How To Fix Slow Verizon Internet: 12 Practical Solutions

You can fix slow Verizon internet by applying device and firmware updates or using an Ethernet connection. Plenty of other solutions exist, which I’ll cover in this guide.
How To Fix Slow Verizon Internet

I’ve tested several ways to improve internet speed, which led me to create this list. I listed each solution to save you time and money potentially.

Solutions to fix your slow Verizon internet will include:

  1. Compare Internet Plan to Your Speeds
  2. Check for a Verizon Network Outage
  3. Use an Ethernet Cable When Possible
  4. Run the Verizon Speed Optimizer Tool
  5. Do Verizon Throttle Internet Speeds?
  6. Check Your Router for Firmware Updates
  7. Manually Reboot Your Router and Modem
  8. Check Your Devices for Malware
  9. Check Your VPN Settings
  10. Check Your Devices for Bandwidth-draining Software
  11. Relocate Your Router
  12. Upgrade Your Hardware

Let’s try some solutions.

12 Tips to Troubleshoot and Speed Up Slow Verizon Internet

You probably don’t want to spend more money than needed to improve your internet. I wouldn’t, either.

Instead of burning a hole in your wallet, I have a list of fixes you should try (in order). Most of them don’t cost a penny and only require a bit of time.

Worst-case scenario, you may need to solve your problems with a credit card. But at least you can say you tried other solutions.

#1 Compare Internet Plan to Your Speeds

Despite the previous point mentioning not spending money, here’s a reality check. If your internet speeds aren’t significantly lower than what you’re paying for, you’ll need to upgrade.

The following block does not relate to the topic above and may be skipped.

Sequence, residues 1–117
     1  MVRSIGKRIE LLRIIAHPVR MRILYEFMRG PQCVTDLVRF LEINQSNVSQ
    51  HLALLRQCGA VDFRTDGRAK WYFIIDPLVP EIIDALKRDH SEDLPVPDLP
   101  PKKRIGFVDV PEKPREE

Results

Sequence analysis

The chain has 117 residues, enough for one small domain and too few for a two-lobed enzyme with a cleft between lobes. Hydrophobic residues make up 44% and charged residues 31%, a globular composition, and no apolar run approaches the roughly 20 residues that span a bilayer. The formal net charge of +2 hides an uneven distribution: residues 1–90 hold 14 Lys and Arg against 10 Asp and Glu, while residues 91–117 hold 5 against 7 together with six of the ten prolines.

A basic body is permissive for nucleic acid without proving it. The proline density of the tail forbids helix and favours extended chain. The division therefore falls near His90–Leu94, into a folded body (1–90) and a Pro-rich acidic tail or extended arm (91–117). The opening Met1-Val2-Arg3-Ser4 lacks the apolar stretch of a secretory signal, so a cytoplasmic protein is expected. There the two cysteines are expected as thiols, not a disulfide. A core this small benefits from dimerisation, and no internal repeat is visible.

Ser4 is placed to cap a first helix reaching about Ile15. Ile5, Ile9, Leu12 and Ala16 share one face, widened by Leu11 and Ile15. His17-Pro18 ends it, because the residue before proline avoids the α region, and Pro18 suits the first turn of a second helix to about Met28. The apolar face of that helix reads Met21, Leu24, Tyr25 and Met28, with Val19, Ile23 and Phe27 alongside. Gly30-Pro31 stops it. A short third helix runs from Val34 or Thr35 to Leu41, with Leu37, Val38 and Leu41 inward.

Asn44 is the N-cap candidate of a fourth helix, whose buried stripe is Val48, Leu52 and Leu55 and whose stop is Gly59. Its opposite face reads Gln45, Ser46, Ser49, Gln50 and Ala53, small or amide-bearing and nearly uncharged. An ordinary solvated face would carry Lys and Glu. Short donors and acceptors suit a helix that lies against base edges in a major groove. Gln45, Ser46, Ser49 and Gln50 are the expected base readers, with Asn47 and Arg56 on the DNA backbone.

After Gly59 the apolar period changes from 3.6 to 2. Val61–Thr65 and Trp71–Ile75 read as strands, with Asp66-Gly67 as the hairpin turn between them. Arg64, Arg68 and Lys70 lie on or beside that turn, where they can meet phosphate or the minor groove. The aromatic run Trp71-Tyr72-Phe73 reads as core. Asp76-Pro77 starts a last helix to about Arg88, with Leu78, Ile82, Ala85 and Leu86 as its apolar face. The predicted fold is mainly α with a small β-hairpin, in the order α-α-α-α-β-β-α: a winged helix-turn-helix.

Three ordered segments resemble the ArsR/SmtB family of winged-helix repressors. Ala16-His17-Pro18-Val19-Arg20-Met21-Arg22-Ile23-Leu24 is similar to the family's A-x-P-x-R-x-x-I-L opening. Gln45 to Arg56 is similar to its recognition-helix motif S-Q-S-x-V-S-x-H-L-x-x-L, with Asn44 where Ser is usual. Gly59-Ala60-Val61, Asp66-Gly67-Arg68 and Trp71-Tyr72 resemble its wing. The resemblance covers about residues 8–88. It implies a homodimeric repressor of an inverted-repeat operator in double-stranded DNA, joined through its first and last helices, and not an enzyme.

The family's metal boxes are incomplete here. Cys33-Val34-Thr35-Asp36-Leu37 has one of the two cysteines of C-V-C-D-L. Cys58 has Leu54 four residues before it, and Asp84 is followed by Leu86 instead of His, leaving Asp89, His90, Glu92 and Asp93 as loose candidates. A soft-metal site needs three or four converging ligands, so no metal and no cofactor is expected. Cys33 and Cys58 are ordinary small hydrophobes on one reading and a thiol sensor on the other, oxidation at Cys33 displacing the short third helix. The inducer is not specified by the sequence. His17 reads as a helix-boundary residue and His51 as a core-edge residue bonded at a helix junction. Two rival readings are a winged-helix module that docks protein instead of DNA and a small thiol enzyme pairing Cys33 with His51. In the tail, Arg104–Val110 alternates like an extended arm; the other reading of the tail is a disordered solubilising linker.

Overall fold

Grab an Ethernet cable and connect a device to your router or modem. Don’t use Wi-Fi for testing. It’s susceptible to interference from other wireless signals and physical barriers.

Once you connect your cable, visit an internet speed test website and test your speeds.

Now compare your results to your Verizon plan. Here are their high-speed internet plans [1]:

Screenshot of Verizon's High-Speed Internet plan
Verizon High-Speed Internet plan (June 2022)

And their FiOS plans [2]:

Screenshot of Verizon Fios internet plan.
Verizon Fios plan (June 2022)

The Federal Communications Commission FCC tested high-speed internet plans to see how they matched Verizon’s claims. Then Verizon performed various tests as well. I recommend comparing your results to theirs [3].

How did you do?

I suppose you didn’t do so well. It’s not all bad. You’ll save a bit of money if these other fixes work.

Let’s see if your slow internet is even an issue on your end.

#2 Check for a Verizon Network Outage

While not the most helpful resource (regarding pinpointing outages), Ookla has Downdetector. You’ll get an instant glance at whether Verizon has any reported outages.